Shivering—But Smiling—In Shenandoah

 The house I grew up in had a wood burning furnace, something I often loathed as a kid. My friends could warm up their homes with the turn of a dial. I had to deal with a chilly house after school or first thing in the morning, when the dreaded walk from a warm bed to the basement caused me to hit the snooze button until the last. Possible. Minute. (Or, until Mom got up to make the fire). 

Today, I can look back with nostalgia and marvel at the grit it took for a house full of women to regularly haggle about the price of firewood, pack it in from outside, and work the furnace. And, it has resulted in me being pretty dang good at starting fires at the campsite. I used those skills in early November of this year at Shenandoah National Park, my 38th national park visited. But I still had flashbacks of those cold nights in my warm bed. 

 My husband and I have slept in sub-freezing temps in Utah and never shy away from chilly winter hikes, so I wasn’t too worried when I looked at the low-30s forecast. After all, I had plenty of layers and my North Face sleeping bag, which has a temperature rating of 20 degrees.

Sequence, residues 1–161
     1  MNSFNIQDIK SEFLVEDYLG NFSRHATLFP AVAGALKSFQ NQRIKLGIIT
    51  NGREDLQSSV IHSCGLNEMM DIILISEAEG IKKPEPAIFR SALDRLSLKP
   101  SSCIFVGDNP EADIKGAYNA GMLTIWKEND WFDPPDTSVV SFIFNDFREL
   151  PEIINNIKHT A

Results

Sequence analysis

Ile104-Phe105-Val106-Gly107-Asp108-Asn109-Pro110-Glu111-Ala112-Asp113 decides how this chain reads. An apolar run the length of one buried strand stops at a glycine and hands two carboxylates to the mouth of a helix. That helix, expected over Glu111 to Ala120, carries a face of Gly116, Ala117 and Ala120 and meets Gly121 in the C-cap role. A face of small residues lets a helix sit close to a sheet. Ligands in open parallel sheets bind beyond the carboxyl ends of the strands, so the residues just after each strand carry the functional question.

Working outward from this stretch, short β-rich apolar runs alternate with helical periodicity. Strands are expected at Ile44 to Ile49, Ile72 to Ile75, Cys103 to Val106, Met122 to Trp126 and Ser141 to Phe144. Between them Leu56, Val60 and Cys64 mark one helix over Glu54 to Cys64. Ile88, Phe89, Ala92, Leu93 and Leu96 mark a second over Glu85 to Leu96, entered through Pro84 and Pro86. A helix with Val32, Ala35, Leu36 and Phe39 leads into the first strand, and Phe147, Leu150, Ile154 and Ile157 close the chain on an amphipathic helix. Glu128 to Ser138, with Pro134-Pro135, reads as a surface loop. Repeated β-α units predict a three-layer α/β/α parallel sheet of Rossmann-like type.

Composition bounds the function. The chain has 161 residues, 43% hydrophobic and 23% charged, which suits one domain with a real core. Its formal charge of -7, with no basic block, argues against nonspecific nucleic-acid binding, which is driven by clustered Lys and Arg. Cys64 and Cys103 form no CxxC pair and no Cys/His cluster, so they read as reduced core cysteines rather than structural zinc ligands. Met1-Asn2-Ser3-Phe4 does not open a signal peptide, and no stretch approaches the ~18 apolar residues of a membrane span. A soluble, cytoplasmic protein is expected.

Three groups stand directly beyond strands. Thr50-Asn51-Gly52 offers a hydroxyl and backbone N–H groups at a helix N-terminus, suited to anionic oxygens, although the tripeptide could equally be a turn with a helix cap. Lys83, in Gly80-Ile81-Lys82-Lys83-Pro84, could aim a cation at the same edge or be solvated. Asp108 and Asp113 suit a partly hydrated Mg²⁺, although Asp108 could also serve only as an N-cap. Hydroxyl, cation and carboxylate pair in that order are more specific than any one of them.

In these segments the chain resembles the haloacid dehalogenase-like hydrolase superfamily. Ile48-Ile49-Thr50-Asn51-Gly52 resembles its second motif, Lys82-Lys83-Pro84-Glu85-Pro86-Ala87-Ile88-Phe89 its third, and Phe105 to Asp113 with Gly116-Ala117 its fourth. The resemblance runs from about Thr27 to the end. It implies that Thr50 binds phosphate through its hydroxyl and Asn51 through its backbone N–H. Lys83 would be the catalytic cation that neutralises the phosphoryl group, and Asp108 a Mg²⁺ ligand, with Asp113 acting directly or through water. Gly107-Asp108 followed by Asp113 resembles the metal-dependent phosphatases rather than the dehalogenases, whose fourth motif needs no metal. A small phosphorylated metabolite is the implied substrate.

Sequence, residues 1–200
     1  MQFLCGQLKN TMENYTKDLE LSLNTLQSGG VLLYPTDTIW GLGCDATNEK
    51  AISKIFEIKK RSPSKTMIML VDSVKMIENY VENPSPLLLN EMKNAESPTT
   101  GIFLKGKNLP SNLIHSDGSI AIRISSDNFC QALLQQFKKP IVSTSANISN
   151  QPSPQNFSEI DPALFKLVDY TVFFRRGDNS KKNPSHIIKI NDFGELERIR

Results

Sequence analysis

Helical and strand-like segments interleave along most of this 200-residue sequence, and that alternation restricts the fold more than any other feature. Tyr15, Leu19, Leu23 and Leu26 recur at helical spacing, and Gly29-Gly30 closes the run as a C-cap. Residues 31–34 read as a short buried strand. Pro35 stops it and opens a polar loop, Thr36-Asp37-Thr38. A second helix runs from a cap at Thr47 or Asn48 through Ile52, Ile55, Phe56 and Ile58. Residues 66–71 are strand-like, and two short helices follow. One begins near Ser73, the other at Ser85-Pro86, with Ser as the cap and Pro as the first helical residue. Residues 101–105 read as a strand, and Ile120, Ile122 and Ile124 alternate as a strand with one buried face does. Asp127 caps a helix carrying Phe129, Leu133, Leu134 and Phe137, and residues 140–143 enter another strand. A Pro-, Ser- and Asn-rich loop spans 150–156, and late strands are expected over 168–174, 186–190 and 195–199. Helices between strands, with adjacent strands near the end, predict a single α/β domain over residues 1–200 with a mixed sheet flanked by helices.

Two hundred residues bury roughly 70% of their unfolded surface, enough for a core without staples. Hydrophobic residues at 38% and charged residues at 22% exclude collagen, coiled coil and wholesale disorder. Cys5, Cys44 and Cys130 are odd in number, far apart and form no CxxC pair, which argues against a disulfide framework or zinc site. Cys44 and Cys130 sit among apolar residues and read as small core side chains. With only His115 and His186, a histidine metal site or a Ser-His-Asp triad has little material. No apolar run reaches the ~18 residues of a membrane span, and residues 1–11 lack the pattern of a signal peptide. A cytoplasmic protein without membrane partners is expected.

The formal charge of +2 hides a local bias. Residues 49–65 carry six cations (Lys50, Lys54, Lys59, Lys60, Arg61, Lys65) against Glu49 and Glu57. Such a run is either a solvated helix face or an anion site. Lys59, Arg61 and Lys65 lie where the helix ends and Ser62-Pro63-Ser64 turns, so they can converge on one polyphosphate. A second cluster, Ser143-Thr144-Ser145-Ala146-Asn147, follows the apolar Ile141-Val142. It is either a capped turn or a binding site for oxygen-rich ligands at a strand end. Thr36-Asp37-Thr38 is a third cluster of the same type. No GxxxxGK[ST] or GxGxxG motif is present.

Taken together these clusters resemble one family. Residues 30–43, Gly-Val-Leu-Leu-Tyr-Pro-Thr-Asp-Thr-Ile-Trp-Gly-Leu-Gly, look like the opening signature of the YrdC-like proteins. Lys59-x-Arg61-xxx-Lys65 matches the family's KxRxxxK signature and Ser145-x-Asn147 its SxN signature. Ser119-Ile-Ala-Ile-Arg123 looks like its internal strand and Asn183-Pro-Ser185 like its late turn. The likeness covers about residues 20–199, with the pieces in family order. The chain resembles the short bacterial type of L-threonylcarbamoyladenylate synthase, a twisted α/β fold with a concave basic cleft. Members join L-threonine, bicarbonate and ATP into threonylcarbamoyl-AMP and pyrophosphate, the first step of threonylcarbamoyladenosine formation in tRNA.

But even having camped countless times, I realized there’s still room to learn, especially when you have new camping gear! 

The rainy night may have upset our plans a little but added to the magnificence of the many waterfalls on the beautiful Whiteoak/Cedar Trail.

The rainy night may have upset our plans a little but added to the magnificence of the many waterfalls on the beautiful Whiteoak/Cedar Trail.

Since we were driving to Shenandoah from Indianapolis, we glamped it up and brought our big tent. There’s just something luxurious about being able to stand up in a tent. And, putting on pants is way less awkward. We also packed new cots we’d purchased after a recent camping trip that involved a sloping site and a slowly deflating air mattress, resulting in my husband and I sleep-sliding into a crumpled heap in the corner of our tent in the middle of the night. After it happened—and we were fully awake—we laughed harder than we had in quite awhile, but didn’t really want to repeat the scene.

 We arrived at the park, gave a hitching Appalachian Trail hiker a ride, and talked to a ranger at the visitor’s center before heading to the only open campground to get a site and set up our tent. We worked quickly, knowing rain was in the forecast, and had everything up except for the tent’s rain fly and—you guessed it—it started raining. We finished the job, but not before we were soaked and had a bit of waterfront property where we’d be laying our heads for the night. Later on that evening, the rain paused long enough to (sort of) dry off the floor of the tent and bring in our cots and sleeping bags.